How can you optimize your RESP contributions and get the most grant money possible?

By contributing to a Registered Education Savings Plan (RESP) to finance your child’s post-secondary education, you’ve made an excellent choice. Want to optimize your capital and maximize your RESP? You’re right! It’s important to have a good maximization strategy so you can reach the annual maximum in your RESP. We explain how to get the most out of your investments and leave no money on the table!

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Get the most out of your RESP

What is the maximum annual RESP contribution?

To get the most out of your RESP and the associated government grants, we recommend that you contribute $2,500 per year.1 While there is no annual maximum for RESPs, remember that the lifetime contribution limit for any one beneficiary is $50,000 per plan.

 Note that your child’s RESP could attract maximum grants of up to $12,8002 for his or her post-secondary education!3


The $2,500 annual contribution limit for the CESG (federal grant) and the QESI (provincial grant) is automatically carried forward to future years if your savings fall below this limit.4

What are the advantages of putting the maximum into an RESP?

While it is possible to recover unused RESP grants from previous years, contributing the maximum each year is the best way to take full advantage of your Registered Education Savings Plan.

This will help you prepare for your child’s (your beneficiary’s) future education without having to add more funds just before reaching the finish line (in other words, RESP withdrawal). That’s why it’s important to have a good RESP optimization strategy.

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What’s the difference between “maximizing an RESP” and “maximum contributions”?

Maximizing your RESP means getting the best return on your RESP investment by implementing the best strategies for making your savings grow.

Maximum contributions are the annual amounts that you should not exceed if you want to avoid going over the lifetime contribution limits.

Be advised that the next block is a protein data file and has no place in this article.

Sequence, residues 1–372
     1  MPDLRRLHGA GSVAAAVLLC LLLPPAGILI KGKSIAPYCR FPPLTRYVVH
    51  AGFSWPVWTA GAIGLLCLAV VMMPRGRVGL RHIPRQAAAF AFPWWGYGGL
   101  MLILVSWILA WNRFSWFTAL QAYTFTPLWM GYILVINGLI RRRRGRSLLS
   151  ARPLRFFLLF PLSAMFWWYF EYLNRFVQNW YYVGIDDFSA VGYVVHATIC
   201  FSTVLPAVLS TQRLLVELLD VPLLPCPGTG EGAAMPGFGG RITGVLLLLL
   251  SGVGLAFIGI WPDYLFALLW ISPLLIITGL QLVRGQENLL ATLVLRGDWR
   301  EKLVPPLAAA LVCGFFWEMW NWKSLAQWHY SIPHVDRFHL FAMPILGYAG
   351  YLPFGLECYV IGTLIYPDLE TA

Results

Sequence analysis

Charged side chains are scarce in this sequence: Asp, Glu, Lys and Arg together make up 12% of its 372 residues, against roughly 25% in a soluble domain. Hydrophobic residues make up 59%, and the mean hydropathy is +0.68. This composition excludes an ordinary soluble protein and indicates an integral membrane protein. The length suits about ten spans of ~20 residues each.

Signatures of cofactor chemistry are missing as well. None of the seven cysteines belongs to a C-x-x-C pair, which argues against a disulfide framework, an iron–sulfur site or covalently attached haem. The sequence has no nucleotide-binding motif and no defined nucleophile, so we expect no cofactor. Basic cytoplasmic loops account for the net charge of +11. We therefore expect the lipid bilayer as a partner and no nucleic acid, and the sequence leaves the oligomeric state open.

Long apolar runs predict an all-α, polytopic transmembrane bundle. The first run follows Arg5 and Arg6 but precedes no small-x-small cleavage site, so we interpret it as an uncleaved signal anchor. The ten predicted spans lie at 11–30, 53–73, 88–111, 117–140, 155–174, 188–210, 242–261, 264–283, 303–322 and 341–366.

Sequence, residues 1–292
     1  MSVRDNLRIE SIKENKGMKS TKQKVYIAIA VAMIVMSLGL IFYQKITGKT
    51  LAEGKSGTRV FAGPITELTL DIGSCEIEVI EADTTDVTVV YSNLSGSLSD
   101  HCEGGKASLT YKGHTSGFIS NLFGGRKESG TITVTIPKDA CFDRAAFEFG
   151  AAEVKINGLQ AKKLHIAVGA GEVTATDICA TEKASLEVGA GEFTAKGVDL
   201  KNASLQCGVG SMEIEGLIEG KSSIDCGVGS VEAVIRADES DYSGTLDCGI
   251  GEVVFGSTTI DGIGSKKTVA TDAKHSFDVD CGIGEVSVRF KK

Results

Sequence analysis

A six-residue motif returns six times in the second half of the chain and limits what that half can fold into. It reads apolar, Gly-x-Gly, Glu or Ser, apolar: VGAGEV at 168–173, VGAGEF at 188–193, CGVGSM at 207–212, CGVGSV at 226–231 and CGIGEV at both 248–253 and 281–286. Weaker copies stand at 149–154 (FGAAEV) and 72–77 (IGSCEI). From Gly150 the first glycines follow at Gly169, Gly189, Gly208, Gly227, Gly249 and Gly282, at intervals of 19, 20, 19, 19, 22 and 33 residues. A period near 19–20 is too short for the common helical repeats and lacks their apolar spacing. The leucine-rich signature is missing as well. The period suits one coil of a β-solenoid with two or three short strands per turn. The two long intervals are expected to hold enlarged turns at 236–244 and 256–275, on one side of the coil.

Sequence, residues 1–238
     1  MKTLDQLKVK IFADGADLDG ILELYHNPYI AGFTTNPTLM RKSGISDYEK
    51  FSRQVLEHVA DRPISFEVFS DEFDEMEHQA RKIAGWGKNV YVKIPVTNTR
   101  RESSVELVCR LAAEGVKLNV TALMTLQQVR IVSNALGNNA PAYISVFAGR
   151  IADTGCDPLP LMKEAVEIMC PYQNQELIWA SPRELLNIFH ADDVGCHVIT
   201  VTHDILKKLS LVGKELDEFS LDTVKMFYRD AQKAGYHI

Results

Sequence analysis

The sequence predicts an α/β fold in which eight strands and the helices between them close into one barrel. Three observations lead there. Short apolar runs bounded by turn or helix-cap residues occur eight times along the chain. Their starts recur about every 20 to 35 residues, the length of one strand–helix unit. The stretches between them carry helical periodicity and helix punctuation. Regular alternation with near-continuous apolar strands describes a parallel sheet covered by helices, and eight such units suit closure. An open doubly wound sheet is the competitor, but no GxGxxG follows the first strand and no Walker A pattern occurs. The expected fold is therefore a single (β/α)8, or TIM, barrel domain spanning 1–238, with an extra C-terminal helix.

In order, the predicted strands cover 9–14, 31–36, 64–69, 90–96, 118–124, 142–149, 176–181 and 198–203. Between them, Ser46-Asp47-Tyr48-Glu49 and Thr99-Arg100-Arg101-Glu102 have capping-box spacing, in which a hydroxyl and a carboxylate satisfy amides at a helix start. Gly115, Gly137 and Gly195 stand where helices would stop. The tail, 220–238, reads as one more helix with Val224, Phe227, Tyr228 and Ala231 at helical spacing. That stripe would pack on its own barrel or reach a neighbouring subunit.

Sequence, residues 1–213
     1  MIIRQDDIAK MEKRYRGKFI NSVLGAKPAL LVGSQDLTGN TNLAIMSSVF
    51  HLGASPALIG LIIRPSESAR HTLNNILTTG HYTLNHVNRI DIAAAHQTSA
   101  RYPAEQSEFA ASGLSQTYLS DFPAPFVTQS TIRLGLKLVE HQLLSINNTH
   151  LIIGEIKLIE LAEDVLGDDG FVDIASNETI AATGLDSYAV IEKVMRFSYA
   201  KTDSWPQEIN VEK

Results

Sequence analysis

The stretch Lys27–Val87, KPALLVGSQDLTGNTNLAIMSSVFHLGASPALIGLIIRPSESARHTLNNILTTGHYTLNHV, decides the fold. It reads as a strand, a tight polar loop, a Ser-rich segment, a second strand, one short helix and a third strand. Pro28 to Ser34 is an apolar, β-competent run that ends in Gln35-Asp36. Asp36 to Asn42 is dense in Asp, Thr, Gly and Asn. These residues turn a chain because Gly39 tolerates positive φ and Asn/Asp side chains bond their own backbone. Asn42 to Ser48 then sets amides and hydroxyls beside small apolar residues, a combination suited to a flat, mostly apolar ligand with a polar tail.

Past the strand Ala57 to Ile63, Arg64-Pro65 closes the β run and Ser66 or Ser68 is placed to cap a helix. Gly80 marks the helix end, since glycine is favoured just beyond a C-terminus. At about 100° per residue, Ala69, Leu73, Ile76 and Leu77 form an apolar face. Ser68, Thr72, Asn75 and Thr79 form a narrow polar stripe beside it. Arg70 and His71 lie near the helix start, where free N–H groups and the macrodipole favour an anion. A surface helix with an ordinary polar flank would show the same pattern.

What happens if I exceed my RESP contribution limit?

If, at the end of any month, total RESP contributions exceed the lifetime contribution limit (i.e., $50,000 per beneficiary), you will be taxed 1% per month on the amount of the excess contributions. For example, if you have contributed $53,000 to your RESP, the excess contribution of $3,000 will be taxed at $30 per month until it is withdrawn. To avoid this, it’s best to withdraw any excess funds before the end of the month.

Note that government grants paid into an RESP are not included in the contribution limit. So you won’t be penalized if your RESP exceeds the $50,000 limit only because of growth and grants, not because of excess contributions.

Monthly or annual RESP contributions?5

You can choose annual contributions, but make sure you put the maximum into your RESP by December 31 of each year to take full advantage of government grants.

If your family income allows, you can make monthly contributions, particularly by scheduling automatic payments; this will help you keep saving steadily and give you a better chance of reaching the maximum annual contribution amount that qualifies you for the government grants you’re entitled to. With monthly contributions, you’ll also reap the benefits of compounding, which generates interest on interest.

Please note that, depending on your beneficiary’s year of birth, there are limits on the total annual contributions you can make to an RESP:

  • $2,000 per year for a child born in 1996
  • $4,000 for a child born between 1997 and 2006
  • No limit for children born in 2007 and subsequent years


Contributions to an education savings plan grow tax-free until your child turns 17 and enrols in an eligible post-secondary program.3

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How much could your RESP actually earn?

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Legal Notes

1. Any amount invested in excess of $2,500 will not attract any government grants unless you have unused grant contribution room. Some conditions apply. Check out our prospectus at

2. Canada Education Savings Grant (CESG) of 20% to 40% and Québec Education Savings Incentive (QESI) of 10% to 20%, based on adjusted family net income. The maximum annual CESG payment is $600, and the maximum annual QESI payment is $300. The maximum lifetime amount per beneficiary is $7,200 for the CESG and $3,600 for the QESI. Canada Learning Bond (CLB) of up to $2,000 per beneficiary for a child born after December 31, 2003, whose family is financially eligible. Some conditions apply. Check out our prospectus at

3. See our prospectus at for a list of eligible post-secondary programs.

4. If you have unused grant contribution room, government grants can be accumulated on contributions of up to $5,000 per year. Some conditions apply. Check out our prospectus at

5. See our prospectus at for information about contribution options.